From April 21 to April 30, U.Va. The drama delivered a gripping and thought-provoking production of Mary Elizabeth Hamilton’s “16 Winters, or the Bear’s Tale.” With impressive sets, endearing characters, and stellar performances from the cast, the production was a smash hit.
Directed by educator and actress Kate Eastwood Norris, “16 Winters” provides insight into the 16-year period that passes in the middle of William Shakespeare’s “The Winter’s Tale.”
Queen Her of Sicily, played by graduate drama student Cortney Lowinski, is assumed dead after her husband, Leo, played by graduate drama student Christian O’Neill, accuses her of infidelity and attempts to murder her and their son. She’s not dead, however – instead she flees to a secluded cabin in the woods with her servant, Pauly, played by third-year student Charlotte Gimlin, to wait until he’s safe to return. in Sicily. “16 Winters” takes audiences on the journey of Elle and Pauly as they wait in isolation.
Performed at the Drama Department’s Culbreth Theater, “16 Winters” explores modern power dynamics, toxic masculinity and time through Shakespeare’s historical setting, in a show complete with songs, jokes and an examination of human nature from an animal’s point of view.
His struggles with maintaining a positive attitude in the cabin may sound familiar to many viewers, as it closely resembles the experience of most Americans at the start of the COVID-19 pandemic. Lowinski delivered an engaging and earnest performance as her – her frustration and fear for the future as time ticks by resonated with audiences who have experienced similar isolation over the past two years.
When she finally decides to leave her cabin and flee to Bohemia, she encounters an eccentric and socially conscious group of Instagram-obsessed teenagers – setting the show squarely in the present in their modern clothes and hashtag-obsessed slang. This choice gave a sense of universality to the show’s themes — it helped audiences understand that despite the age of its source material, everyone can learn something from “16 Winters.”
Throughout the show, snippets of wisdom from an unlikely character – a bear, played by graduate drama student Haydn Haring, who lurks outside her and Pauly’s cabin and spells out the rules different aspects of life, like courting a mate or catching a fish to eat with a booming voice and impressive stage control. The bear’s frequent stares and Haring’s wild, jarring facial expressions forced audiences to confront their own animalistic tendencies.
Back in Sicily, Leo is visited by the ghost of his dead son, played by freshman Katherine Haines, forcing him to confront the guilt over his abuse. Leo frequently expresses his angst through song throughout the piece, often picking up a guitar to express his anger or shame. The songs kept the audience engaged in the plot and brought another dimension to the production. O’Neill brought both impressive vocals and nuanced acting to each song, striking an impressive balance between humor and angst. O’Neill cited Leo’s complexity as a reason to audition for “16 Winters.”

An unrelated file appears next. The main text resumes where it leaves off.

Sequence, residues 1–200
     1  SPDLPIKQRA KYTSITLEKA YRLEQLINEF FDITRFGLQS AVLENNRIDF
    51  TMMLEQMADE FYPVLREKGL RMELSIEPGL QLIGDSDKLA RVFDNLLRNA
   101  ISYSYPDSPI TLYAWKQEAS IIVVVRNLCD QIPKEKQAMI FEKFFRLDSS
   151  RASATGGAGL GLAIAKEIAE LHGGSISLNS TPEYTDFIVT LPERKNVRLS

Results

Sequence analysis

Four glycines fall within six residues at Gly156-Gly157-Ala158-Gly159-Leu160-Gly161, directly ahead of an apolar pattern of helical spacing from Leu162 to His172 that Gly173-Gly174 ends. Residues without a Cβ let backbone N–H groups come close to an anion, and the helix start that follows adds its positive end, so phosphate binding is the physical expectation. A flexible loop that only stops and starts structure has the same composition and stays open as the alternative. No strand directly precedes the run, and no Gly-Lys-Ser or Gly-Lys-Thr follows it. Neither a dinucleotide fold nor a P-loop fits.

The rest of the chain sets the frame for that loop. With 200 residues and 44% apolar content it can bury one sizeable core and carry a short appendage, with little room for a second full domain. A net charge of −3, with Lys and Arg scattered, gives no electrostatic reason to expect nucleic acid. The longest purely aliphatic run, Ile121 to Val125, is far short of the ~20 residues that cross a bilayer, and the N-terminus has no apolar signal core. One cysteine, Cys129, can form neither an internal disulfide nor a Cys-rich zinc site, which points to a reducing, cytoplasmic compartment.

“He’s very stuck, at least at first, and seeing someone being so stuck and not knowing how to get out of it is really interesting,” O’Neill said in an interview with The Cavalier Daily.
“16 Winters” explores themes that may not have been explored by Shakespeare’s version – it examines the gender dynamic between its two main characters and the toxic masculinity behind Leo’s jealousy.
“Leo is quite obnoxious,” O’Neill said. “He is a bit of a rage monster. And so it’s both something I can relate to a bit and a challenge.
In a moving monologue by Her, the Queen expresses the vexation that accompanies the mere fact of existing as a woman. Lowinksi moves deftly between heart and pain, balancing several humorous beats with the rather heavy nature of the monologue. Here, the Queen’s feelings are front and center in the story in a way they never were in Shakespeare’s original play.
The staging of “16 Winters” by the drama department was simple, but captivating. Even when the scenes changed location, the set and actors from the previous scene remained on stage, amplifying the connection between each of the concurrent storylines. One moment the audience found themselves in the middle of a dark and eerie winter forest – the next moment they were at the foot of the king’s throne. The lights go out, and once again the scene changes to a cozy shack full of bohemian hipsters. The dynamic way the scenes blend into each other envelops the audience in the show’s narrative.
“16 Winters” presented the final show of its two-weekend run on April 30. After a lonely and harrowing few years, this clever show with relatable characters and a resonant message was just what the college community needed. “16 Winters” concludes the 2021-2022 season of the University Department of Theater in a beautiful and important way.